In 2015 and 2016, Satterwhite was part of the traveling exhibition Disguise: Masks and Global African Art. This exhibition was a collaboration between the Seattle Art Museum (on display from June 18 to September 7, 2015 in Seattle, Washington) and the Brooklyn Museum which displayed it from April 29-September 18, 2016 in Brooklyn[16]. This exhibition focused on African masquerade and how the power of the mask and costume is a proactive and playful way to engage in conversation about current social problems like class, gender, and power and to give incite into the future. The exhibition presented contemporary and historical works from the Seattle Art Museum that worked in dialogue together and were a range of mediums from video installation to photography and sculpture.[17]

Honors and awards[edit]

  • 2016 United States Artists Fellowship
  • 2013 Louis Comfort Tiffany Grant
  • 2013 Arts Matters Grant
  • 2013 - 2014 Lower Manhattan Cultural Council Workspace Artist in Residence
  • 2013 Recess Art, Sessions Residency
  • 2012 - 2013 Fine Arts Work Center Fellowship 2nd Year
  • 2012 Headlands Center for the Arts - Artist in Residence
  • 2011 - 2012 Fine Arts Work Center Fellowship 1st Year
  • 2011 Electronic Television Center Finishing Funds Grant
  • 2011 Center for Photography, Woodstock
  • 2011 Van Lier Grant, Jamaica Center for Arts and Learning, Studio LLC program
  • 2011 Queer Arts Mentorship Fellowship
  • 2010 - 2011 Harvest Works Artist In Residence, New York, NY
  • 2010 Toby Devan Lewis Fellowship
  • 2009 Cosby Fellowship to Skowhegan School for Painting and Sculpture
  • 2007 Grand prize winner for Driven exhibition at the Smithsonian Institute's S. Dillon Ripley Center[18]


  1. ^ Kreutler, Kei (January 9, 2014). "Artist Profile: Jacolby Satterwhite". Rhizome. Retrieved 6 May 2015.
  2. ^ "Jacolby Satterwhite - Island of Treasure | LUNDGREN GALLERY | Artsy". www.artsy.net. Retrieved 2019-06-09.
  3. ^ Satterwhite, Jacolby. "Jacolby Satterwhite". Jacolby Satterwhite. Retrieved 6 May 2015.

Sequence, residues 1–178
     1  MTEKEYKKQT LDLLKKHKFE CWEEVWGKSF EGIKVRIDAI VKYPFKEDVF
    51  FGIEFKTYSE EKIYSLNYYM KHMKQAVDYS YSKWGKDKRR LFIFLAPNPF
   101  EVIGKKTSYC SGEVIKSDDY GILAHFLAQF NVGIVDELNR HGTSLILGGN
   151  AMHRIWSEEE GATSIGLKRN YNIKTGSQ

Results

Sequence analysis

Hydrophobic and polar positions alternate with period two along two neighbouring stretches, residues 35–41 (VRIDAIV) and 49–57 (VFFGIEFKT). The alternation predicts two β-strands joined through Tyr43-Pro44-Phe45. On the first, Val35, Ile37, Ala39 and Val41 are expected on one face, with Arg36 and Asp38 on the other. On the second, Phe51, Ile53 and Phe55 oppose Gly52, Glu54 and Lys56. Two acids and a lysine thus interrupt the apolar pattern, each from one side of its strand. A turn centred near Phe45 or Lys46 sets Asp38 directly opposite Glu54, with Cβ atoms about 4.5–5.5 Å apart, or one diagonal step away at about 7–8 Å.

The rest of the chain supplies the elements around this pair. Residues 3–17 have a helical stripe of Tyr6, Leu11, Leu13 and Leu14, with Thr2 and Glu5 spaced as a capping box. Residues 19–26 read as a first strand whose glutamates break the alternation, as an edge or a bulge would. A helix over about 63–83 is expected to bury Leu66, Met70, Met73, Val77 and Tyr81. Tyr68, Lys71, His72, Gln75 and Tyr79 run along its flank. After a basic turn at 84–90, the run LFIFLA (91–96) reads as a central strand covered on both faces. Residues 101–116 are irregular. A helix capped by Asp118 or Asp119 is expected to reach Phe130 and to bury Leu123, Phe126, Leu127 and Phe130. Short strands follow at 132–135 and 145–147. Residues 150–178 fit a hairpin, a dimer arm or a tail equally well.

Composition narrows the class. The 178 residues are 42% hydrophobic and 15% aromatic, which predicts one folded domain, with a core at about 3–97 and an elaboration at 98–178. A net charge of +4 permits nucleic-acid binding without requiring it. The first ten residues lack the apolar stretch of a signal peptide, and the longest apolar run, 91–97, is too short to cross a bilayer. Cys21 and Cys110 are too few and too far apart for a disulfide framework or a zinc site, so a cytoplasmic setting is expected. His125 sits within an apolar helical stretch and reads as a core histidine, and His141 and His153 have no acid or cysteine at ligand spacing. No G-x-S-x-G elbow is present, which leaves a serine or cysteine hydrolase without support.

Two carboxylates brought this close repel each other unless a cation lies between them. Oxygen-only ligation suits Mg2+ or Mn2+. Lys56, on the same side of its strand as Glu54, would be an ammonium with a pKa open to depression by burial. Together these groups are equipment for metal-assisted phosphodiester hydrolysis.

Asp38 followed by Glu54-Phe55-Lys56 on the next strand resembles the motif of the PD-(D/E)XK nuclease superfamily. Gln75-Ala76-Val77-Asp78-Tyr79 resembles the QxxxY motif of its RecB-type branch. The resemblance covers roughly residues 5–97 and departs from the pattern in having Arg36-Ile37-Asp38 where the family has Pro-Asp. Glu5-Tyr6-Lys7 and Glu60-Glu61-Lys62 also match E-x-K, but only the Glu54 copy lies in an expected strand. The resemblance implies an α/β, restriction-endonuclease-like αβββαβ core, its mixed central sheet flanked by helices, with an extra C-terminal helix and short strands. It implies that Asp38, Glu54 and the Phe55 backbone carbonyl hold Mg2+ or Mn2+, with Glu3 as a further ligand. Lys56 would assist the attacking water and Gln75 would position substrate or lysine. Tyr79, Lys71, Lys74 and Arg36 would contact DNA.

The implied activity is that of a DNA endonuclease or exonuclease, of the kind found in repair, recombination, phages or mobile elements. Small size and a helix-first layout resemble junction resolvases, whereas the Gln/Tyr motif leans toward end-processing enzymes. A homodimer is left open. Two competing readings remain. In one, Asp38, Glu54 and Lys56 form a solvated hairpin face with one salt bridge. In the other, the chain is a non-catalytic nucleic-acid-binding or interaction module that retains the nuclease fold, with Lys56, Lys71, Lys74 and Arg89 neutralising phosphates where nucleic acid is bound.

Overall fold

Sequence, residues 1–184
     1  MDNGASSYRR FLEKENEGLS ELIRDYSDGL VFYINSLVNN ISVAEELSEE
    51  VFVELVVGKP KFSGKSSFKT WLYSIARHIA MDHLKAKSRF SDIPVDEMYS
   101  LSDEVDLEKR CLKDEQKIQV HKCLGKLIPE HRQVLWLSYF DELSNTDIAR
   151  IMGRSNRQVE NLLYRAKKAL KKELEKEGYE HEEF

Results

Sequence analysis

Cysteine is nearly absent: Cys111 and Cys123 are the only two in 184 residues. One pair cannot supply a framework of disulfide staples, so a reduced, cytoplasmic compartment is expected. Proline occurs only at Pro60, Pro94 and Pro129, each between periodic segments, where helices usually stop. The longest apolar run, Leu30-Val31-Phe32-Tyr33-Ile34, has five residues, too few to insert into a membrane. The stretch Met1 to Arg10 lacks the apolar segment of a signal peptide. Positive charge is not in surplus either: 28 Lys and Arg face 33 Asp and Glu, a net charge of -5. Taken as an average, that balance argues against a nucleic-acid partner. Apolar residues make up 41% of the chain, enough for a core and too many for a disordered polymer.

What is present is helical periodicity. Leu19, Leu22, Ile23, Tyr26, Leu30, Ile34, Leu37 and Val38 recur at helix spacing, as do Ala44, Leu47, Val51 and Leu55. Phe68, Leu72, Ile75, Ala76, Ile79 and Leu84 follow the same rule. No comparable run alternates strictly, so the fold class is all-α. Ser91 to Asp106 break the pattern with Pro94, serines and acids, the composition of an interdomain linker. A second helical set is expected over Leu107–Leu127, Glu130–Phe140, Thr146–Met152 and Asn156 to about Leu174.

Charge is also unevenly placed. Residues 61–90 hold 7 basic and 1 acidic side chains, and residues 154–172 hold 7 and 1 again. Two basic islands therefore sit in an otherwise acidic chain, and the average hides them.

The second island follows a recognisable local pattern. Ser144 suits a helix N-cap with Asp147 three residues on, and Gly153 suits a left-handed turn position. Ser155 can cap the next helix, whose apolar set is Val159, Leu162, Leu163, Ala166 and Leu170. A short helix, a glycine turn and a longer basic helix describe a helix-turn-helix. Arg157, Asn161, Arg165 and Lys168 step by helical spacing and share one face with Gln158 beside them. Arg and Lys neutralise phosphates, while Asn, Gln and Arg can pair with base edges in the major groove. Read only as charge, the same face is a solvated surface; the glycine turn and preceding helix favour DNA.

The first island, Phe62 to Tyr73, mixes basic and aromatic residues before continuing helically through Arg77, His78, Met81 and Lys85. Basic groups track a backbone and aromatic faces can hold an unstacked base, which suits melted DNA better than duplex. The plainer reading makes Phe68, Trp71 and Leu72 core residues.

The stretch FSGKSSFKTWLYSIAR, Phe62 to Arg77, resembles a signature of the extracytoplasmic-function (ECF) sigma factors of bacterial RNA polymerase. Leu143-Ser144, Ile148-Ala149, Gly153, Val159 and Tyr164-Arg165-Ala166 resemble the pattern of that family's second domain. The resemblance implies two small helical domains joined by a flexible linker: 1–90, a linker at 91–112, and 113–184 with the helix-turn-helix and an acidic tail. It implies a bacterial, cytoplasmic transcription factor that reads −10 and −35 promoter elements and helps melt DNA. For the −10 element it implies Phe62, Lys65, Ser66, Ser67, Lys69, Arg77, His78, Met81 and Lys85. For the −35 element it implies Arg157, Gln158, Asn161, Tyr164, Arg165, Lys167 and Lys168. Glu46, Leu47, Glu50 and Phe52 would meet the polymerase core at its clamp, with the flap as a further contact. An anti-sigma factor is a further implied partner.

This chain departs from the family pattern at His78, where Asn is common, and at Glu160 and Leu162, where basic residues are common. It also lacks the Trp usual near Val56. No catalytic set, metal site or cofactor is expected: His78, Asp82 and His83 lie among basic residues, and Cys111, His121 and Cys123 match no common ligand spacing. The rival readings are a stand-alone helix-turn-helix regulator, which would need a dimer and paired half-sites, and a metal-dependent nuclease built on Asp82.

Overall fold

4. ^ "JACOLBY SATTERWHITE". Whitney Museum of American Art. Whitney Museum of American Art. Retrieved 6 May 2015.
  5. ^ "Jacolby Satterwhite". Queer Art Mentorship. Retrieved 6 May 2015.
  6. ^ "'I Had a Deep Synesthesia Response': Artist Jacolby Satterwhite on Collaborating With Solange to Develop Her Latest Visual Album". artnet News. 2019-03-08. Retrieved 2019-03-27.
  7. ^ "Jacolby Satterwhite - Island of Treasure | LUNDGREN GALLERY | Artsy". www.artsy.net. Retrieved 2019-06-09.
  8. ^ "Jacolby Satterwhite". whitney.org. Retrieved 2019-06-09.
  9. ^ "Jacolby Satterwhite at The Bindery Projects". www.artforum.com. Retrieved 2019-06-09.
  10. ^ Johnson, Ken (2013-01-24). "Jacolby Satterwhite: 'The Matriarch's Rhapsody'". The New York Times. ISSN 0362-4331. Retrieved 2019-06-09.
  11. ^ "Jacolby Satterwhite - The House of Patricia Satterwhite | LUNDGREN GALLERY | Artsy". www.artsy.net. Retrieved 2019-06-09.
  12. ^ "Watchlist Artist: Jacolby Satterwhite". ArtSlant. Retrieved 2019-06-09.
  13. ^ a b c "WPA Speaks with Julie Chae, Curator of Hothouse Video: Jacolby Satterwhite | Washington Project for the Arts". www.wpadc.org. Retrieved 2017-06-23.
  14. ^ "Country Ball 1989 - 2012" Check |url= value (help). localhost. Retrieved 2019-06-09.
  15. ^ "Body Talk". frieze.com. Retrieved 2019-06-09.
  16. ^ "Brooklyn Museum". www.brooklynmuseum.org. Retrieved 2017-06-23.
  17. ^ "Disguise: Masks & Global African Art". Seattle Art Museum. Retrieved 2017-06-23.
  18. ^ "Jacolby Satterwhite". Art 21. Art 21. Retrieved 6 May 2015.

External links[edit]